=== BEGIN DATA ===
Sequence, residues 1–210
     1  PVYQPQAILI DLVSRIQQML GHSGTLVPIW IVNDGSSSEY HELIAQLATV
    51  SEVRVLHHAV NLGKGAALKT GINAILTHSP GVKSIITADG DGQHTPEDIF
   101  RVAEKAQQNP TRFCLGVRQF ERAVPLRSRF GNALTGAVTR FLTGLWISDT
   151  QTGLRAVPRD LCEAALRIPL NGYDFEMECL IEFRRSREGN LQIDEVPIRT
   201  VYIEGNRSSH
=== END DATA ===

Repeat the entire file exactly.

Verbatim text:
Sequence, residues 1–210
     1  PVYQPQAILI DLVSRIQQML GHSGTLVPIW IVNDGSSSEY HELIAQLATV
    51  SEVRVLHHAV NLGKGAALKT GINAILTHSP GVKSIITADG DGQHTPEDIF
   101  RVAEKAQQNP TRFCLGVRQF ERAVPLRSRF GNALTGAVTR FLTGLWISDT
   151  QTGLRAVPRD LCEAALRIPL NGYDFEMECL IEFRRSREGN LQIDEVPIRT
   201  VYIEGNRSSH